County Wants Funds For CCW Checks


    GRAND RAPIDS — How Lansing lawmakers define “temporary” and what they do with a certain unfunded mandate this fall will be of keen interest to Kent County Commissioners.

    Commissioner Michael Sak recently raised the issue of unfunded mandates with the county’s governmental affairs consultant, David Haynes, a partner at the Lansing-based Public Affairs Associates Inc.

    “The Legislature is really struggling with this issue because obviously once you deal with the unfunded mandates it impacts the state budget,” said Haynes of the fiscal plan that has less revenue than expected. “So there isn’t a lot of movement right now on unfunded mandates.”

    Sak was particularly interested in whether legislators had provided the county with enough money to cover its costs for background checks resulting from Public Act 381, the new concealed weapons bill that became law last month.

    Lawmakers made a $1 million appropriation with the bill, but the county estimated it will spend at least $240,000 a year alone, due to the increased number of applications for permits coming from the new law. Sak felt it was going to cost the county more money than what it has been allocated so far.

    Help could come from Commissioner Jack Horton. Horton serves on a state committee that reviews funding complaints from municipalities. He remarked that the committee hasn’t received any gripes yet, but felt that the CCW law may be the impetus that provides some.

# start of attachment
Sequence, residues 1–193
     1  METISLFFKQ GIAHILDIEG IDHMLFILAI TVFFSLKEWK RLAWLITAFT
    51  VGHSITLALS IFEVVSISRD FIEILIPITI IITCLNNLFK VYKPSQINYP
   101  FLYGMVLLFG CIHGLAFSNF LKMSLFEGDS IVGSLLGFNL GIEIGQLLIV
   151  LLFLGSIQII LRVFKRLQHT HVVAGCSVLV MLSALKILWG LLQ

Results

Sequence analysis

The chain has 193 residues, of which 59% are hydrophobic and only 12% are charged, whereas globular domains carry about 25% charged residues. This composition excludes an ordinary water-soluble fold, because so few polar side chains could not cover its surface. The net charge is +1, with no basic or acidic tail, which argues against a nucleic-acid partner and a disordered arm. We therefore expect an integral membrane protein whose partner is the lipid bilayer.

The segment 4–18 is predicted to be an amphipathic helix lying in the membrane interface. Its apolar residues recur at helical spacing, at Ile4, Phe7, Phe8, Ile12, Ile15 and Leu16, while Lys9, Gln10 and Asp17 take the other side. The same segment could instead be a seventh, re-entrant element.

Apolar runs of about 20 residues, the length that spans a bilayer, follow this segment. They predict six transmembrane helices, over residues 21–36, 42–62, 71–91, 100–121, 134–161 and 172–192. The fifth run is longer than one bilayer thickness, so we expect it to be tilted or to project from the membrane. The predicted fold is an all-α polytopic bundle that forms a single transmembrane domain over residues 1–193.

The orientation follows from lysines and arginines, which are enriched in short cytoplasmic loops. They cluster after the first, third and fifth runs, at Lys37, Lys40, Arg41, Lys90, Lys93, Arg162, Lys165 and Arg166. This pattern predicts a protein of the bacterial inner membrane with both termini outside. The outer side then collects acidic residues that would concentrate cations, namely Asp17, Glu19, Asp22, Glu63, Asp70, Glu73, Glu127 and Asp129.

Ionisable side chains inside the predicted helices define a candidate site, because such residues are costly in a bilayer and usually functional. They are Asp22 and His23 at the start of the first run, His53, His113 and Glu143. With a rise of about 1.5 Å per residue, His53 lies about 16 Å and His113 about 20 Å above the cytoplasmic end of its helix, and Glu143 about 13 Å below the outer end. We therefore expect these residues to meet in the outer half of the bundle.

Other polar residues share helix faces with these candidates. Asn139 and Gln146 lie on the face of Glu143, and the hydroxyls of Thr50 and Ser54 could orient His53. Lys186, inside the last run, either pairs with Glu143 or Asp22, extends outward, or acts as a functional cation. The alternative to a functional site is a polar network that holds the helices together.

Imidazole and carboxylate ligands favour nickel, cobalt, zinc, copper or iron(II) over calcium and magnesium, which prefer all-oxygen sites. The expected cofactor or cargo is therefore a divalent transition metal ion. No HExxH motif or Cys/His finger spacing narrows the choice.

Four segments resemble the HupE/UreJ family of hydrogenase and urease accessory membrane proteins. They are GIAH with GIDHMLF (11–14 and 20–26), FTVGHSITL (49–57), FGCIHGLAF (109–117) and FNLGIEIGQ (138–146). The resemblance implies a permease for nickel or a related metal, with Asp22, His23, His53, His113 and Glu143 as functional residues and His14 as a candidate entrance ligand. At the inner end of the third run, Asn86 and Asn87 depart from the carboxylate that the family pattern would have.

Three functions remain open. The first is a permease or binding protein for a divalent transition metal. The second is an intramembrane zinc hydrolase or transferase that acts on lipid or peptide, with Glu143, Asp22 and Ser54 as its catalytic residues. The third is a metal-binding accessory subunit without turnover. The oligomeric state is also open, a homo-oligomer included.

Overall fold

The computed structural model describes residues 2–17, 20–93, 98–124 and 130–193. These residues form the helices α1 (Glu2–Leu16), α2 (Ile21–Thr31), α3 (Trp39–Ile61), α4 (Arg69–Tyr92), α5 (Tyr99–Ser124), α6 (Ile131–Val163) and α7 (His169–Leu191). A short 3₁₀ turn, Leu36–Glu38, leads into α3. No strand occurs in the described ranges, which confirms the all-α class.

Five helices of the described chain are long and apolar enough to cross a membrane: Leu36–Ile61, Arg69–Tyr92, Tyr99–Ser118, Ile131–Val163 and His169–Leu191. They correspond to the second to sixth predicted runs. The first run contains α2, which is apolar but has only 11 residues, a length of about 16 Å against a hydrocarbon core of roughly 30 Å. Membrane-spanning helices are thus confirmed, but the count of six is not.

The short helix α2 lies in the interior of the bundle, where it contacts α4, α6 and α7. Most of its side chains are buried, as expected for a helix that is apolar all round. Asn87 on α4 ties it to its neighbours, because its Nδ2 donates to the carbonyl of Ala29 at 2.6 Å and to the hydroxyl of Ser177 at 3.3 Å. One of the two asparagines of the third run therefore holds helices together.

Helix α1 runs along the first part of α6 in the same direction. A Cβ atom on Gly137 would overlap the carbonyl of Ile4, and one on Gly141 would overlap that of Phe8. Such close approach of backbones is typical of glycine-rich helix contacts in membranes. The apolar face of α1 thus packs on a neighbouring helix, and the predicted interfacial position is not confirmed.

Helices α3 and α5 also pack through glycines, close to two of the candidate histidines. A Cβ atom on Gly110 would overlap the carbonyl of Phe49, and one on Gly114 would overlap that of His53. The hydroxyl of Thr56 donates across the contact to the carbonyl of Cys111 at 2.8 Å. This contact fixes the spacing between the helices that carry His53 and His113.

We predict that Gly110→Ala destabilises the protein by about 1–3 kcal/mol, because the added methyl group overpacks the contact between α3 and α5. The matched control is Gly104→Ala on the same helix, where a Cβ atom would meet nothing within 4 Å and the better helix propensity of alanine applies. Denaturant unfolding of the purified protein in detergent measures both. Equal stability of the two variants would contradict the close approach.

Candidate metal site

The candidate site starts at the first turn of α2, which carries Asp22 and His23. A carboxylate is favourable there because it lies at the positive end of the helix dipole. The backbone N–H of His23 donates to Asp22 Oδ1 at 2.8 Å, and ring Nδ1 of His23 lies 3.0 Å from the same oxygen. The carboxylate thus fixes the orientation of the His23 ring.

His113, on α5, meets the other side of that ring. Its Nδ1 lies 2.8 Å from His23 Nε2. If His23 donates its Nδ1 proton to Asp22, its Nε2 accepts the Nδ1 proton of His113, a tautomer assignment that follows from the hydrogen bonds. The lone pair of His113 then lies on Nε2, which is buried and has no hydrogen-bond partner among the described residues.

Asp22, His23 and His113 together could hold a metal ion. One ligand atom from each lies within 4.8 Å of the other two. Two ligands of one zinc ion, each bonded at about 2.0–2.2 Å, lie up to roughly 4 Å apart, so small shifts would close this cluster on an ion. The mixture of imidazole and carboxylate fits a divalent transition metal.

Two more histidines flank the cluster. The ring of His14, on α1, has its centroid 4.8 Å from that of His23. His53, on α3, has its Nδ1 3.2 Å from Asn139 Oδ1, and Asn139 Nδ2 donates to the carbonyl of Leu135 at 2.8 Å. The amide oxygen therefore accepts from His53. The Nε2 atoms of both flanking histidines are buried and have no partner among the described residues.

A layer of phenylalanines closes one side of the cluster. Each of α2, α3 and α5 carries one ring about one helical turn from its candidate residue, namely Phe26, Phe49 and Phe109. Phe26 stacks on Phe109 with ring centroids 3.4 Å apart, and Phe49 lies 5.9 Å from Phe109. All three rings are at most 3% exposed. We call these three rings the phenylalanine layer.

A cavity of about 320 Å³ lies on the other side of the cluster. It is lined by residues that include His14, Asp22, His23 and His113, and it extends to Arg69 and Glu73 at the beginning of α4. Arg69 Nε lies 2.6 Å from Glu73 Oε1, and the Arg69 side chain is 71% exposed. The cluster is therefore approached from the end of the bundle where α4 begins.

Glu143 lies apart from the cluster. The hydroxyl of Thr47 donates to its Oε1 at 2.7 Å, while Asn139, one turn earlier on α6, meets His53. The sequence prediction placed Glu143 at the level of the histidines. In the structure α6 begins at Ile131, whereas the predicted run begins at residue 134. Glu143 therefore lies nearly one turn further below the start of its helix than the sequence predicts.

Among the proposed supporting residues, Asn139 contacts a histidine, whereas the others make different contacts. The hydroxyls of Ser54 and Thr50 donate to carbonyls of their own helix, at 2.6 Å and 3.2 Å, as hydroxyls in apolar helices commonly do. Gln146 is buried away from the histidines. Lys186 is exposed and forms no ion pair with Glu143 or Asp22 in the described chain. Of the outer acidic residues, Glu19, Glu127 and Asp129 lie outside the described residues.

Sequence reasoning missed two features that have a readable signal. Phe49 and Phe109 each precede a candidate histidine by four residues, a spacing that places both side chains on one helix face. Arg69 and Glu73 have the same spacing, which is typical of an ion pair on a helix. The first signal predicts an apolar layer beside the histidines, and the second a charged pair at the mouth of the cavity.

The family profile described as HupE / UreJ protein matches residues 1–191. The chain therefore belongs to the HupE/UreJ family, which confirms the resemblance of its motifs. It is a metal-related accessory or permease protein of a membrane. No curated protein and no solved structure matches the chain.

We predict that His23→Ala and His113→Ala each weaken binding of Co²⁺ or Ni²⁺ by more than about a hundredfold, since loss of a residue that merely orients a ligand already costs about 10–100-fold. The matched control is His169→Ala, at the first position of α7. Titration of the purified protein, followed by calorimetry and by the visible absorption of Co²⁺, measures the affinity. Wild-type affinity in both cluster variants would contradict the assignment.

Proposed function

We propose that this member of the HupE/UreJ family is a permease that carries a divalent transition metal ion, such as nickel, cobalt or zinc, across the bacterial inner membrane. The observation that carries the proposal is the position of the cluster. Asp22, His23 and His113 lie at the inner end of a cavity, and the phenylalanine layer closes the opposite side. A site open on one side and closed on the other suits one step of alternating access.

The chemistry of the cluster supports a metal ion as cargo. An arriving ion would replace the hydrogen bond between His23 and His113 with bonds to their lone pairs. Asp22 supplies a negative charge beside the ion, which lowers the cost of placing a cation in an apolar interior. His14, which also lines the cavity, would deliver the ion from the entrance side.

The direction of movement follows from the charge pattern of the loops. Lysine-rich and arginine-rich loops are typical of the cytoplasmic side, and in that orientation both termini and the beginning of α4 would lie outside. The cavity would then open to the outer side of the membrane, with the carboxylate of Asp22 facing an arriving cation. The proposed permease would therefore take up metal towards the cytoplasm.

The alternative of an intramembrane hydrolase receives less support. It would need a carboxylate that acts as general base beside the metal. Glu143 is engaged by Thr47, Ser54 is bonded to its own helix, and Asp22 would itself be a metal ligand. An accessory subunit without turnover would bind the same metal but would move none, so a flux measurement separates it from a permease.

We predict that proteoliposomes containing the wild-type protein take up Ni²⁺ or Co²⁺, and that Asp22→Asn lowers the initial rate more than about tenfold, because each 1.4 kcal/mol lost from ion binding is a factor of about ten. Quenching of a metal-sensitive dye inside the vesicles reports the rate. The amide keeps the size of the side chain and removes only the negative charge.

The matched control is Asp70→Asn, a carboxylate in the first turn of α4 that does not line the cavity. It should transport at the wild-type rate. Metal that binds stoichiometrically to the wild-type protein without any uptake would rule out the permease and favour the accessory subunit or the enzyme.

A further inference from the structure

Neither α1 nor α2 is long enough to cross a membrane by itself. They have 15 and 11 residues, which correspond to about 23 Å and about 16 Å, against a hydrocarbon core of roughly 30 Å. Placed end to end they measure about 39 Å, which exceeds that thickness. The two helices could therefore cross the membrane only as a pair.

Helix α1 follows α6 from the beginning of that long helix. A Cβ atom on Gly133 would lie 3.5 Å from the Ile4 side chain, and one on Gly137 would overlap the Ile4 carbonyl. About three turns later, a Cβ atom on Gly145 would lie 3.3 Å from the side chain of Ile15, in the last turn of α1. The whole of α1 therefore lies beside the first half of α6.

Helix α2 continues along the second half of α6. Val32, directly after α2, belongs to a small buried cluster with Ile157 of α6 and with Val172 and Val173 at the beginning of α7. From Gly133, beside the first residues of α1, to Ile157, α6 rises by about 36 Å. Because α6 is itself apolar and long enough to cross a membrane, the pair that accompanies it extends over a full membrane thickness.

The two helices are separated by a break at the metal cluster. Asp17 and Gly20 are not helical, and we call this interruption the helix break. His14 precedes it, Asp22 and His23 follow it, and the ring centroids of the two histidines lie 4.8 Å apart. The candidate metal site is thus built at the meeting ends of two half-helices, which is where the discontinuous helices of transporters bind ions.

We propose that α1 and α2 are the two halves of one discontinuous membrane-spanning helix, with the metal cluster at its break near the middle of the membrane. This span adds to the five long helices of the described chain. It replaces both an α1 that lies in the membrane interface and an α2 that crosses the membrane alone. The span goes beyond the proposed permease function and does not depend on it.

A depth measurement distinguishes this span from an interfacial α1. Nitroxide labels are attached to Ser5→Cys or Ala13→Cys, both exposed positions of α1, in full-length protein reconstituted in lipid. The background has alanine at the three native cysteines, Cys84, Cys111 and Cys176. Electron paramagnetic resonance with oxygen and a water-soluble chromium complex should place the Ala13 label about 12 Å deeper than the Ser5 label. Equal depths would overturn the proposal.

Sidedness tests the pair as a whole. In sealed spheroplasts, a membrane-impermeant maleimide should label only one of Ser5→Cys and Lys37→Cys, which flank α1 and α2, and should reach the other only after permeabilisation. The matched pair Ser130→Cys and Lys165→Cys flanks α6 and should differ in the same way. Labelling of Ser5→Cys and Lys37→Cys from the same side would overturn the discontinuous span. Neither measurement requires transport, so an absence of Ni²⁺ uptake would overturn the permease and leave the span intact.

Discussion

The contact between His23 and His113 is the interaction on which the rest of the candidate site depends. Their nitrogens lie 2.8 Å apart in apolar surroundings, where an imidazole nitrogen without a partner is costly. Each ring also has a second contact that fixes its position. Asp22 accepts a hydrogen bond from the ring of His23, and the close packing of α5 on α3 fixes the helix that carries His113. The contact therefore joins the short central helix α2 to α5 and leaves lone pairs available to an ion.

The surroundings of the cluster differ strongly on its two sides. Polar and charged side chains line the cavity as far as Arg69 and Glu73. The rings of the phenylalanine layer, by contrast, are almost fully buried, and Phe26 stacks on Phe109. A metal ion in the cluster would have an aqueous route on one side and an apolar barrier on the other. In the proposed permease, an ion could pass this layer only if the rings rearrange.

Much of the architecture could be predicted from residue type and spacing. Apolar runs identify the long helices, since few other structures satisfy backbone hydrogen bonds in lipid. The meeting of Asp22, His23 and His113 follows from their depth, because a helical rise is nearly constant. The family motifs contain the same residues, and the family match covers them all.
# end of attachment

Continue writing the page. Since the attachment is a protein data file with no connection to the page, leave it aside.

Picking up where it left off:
“We’re really waiting for that opportunity, and this may be the perfect opportunity for us to do that,” said Horton.

    What “temporary” means to state lawmakers will decide how the courts are reformed and funded. A proposal to amend the constitution has been made and it would reorganize the system. A two-thirds vote isn’t needed to pass it because the courts have been created via an order issued by the Supreme Court. The order provides for the temporary assignment of judges.

    “There is a view in Lansing, in the state Legislature, that the temporary assignment of judges is prohibited by the constitution if it’s more than temporary. So the debate is, what is temporary?” said Haynes.

    “If they were to change the constitution, or if they were to have a constitutional crisis about what temporary is, we could have some real conflicts going,” he added. “We’re going to watch that very closely as it relates to the funding mechanisms in that bill.”

    Other issues facing lawmakers this fall will be finishing the state budget and considering some tax legislation. Haynes felt that legislators will continue to pass bills that deal with equity issues, such as revenue sharing. The census marked Detroit’s population as dropping below a million, meaning that the state’s largest city could lose a special exemption given to cities with a million or more residents.

    “There are also some tax bills being talked about that need to be adjusted due to some lawsuits that are pending,” said Haynes, who added he was working closely with the county to determine its needs and passing those on to area legislators.

    Lawmakers did finish redrawing political boundaries before going on summer break. These redistricting changes may have profound effects locally. Haynes said Kent County could have three state senators and two congressmen representing it for the first time in 40 and 50 years, respectively.

    “There is some talk about lawsuits being filed about the districts statewide, so the Supreme Court could overrule these districts,” said Haynes. “Until the Supreme Court acts, some believe the districts aren’t final. But most people believe that the districts will look as they look now.”

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